Alabama: Strength In Numbers

Across Alabama, a focus on workforce development is in motion to support new and existing companies.

By Anne Cosgrove
From the September / October 2023 Issue


In August, Hyundai Motor Manufacturing Alabama (HMMA) officials announced the automaker’s investment plans at a ceremony at its plant, where they were joined by Governor Kay Ivey, Alabama Department of Commerce Secretary Greg Canfield, and local leaders.

As part of the project, HMMA will spend $190 million to retool and upgrade the plant’s production line for the fifth-generation Santa Fe SUV, while the additional investment will support production of other vehicles.

“Today, the legacy of the Santa Fe continues with HMMA investing $190 million dollars to prepare our assembly plant for the next generation of this popular SUV,” HMMA President and CEO Ernie Kim said at the event.

Alabama workforce development
Governor Kay Ivey (at right), Ernie Kim, President & CEO, HMMA (at left), and others at the automaker’s announcement. (Photo: Governor’s Office / Hal Yeager)


The Hyundai project is part of the momentum Alabama has seen over the past two years in terms of capital investment and job creation from new and expanding business. The impacts are spreading throughout the state.

“We’re coming off a record year in 2022 for inbound investment from economic development projects, robust flows of foreign direct investment, and a new annual record for exports,” said Canfield recently. “But what really excites me is the future—there are so many exciting developments unfolding in Alabama that are sparking economic growth and creating new opportunities for our citizens. This is a watershed moment for Alabama.”

Mobilizing The Workforce

Supporting investment activity, the Alabama Workforce Development Board has approved more than $33.6 million in job search and skills training programs to help Alabamians advance their careers. Residents can find out about available free career services, supportive services, and skills training by visiting one of Alabama’s more than 50 Career Centers.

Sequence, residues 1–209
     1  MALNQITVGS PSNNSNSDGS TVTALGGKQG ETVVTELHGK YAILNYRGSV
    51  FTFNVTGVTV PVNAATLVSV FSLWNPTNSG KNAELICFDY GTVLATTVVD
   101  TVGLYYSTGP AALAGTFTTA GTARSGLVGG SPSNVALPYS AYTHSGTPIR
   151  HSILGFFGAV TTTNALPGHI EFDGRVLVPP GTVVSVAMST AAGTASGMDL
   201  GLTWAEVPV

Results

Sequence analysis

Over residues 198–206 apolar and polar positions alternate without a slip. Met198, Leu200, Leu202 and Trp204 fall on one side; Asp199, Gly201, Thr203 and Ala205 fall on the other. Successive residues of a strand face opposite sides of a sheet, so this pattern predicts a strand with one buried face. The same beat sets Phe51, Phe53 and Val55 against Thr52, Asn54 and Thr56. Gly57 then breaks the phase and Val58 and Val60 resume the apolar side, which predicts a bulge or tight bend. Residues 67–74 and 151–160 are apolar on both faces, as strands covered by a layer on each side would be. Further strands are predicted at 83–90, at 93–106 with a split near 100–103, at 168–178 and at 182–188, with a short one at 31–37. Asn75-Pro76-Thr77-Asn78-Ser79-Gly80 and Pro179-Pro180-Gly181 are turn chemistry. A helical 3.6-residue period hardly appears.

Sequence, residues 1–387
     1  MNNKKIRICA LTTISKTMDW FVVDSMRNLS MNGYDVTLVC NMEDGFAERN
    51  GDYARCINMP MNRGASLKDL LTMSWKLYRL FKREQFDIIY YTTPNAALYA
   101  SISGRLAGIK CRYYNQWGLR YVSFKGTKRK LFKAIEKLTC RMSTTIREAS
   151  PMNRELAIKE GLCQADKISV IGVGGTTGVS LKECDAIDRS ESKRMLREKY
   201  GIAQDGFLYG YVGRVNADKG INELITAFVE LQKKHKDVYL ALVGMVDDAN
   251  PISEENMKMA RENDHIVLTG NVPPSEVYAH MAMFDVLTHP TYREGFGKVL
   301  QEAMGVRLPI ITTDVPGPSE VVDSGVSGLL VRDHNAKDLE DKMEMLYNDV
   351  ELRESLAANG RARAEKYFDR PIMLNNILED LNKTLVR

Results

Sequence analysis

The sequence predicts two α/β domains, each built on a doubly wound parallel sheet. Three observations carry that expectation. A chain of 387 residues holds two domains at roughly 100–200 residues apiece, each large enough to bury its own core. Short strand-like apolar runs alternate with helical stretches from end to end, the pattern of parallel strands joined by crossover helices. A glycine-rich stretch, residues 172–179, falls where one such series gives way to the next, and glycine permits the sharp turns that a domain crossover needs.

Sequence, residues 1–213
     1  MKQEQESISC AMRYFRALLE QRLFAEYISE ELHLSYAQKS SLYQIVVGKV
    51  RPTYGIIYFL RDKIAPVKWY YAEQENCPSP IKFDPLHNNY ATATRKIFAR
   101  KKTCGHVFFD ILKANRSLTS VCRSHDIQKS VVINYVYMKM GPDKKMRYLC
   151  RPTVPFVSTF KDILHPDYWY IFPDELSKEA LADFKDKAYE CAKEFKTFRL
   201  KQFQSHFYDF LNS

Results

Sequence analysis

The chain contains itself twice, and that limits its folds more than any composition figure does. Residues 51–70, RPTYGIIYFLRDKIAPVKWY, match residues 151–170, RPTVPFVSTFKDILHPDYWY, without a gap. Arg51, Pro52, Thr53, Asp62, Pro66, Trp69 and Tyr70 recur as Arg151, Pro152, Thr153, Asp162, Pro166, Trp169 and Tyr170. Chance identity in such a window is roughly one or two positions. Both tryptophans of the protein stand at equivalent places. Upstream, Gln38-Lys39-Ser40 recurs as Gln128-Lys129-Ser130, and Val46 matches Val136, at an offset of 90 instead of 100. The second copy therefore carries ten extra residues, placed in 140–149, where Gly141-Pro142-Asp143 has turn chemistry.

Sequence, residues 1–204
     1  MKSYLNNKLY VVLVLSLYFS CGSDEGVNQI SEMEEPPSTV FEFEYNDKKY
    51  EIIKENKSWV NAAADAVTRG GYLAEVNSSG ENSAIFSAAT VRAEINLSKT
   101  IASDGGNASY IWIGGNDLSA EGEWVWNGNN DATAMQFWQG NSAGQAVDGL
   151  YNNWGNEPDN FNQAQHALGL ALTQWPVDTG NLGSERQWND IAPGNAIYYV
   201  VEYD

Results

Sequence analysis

A majority of the Workforce Board is made up of members of the business community who are joined by Alabamians representing the workforce, government, and education. The U.S. Department of Labor funds the statewide jobs program through the Workforce Innovation and Opportunity Act (WIOA). The federal funds are administered at the state level by the Alabama Department of Commerce’s Workforce Development Division.

On a regional level, the Mobile Chamber Economic Development team is dedicated to bolstering the local labor market by attracting projects and expansions that create new jobs. Over the past five years, the Mobile area experienced a growth of 7,257 jobs, and this trend is expected to continue with 6,362 new jobs over the next five years.

Mobile Chamber is proactively addressing the challenge of filling these positions by establishing the Mobile Area Workforce Alliance (MAWA). The alliance first met in the fall of 2022 with the goal of producing a skilled and qualified workforce capable of meeting the demands of the area’s growing economy.

“I firmly believe collaboration is the key to unlocking our region’s true potential,” said Mobile Chamber President & CEO Bradley Byrne. “Through this collective effort, we can foster a dynamic workforce ecosystem, and empower our community with the knowledge, skills, and opportunities needed to seize on job growth in the Mobile area.”

Alabama workforce development
The Mobile Area Workforce Alliance meets to discuss goals for workforce development. (Photo: Mobile Chamber)


The Mobile Area Workforce Alliance (MAWA) brings key educational institutions and business entities together with a shared mission to align classroom learning with practical industry needs.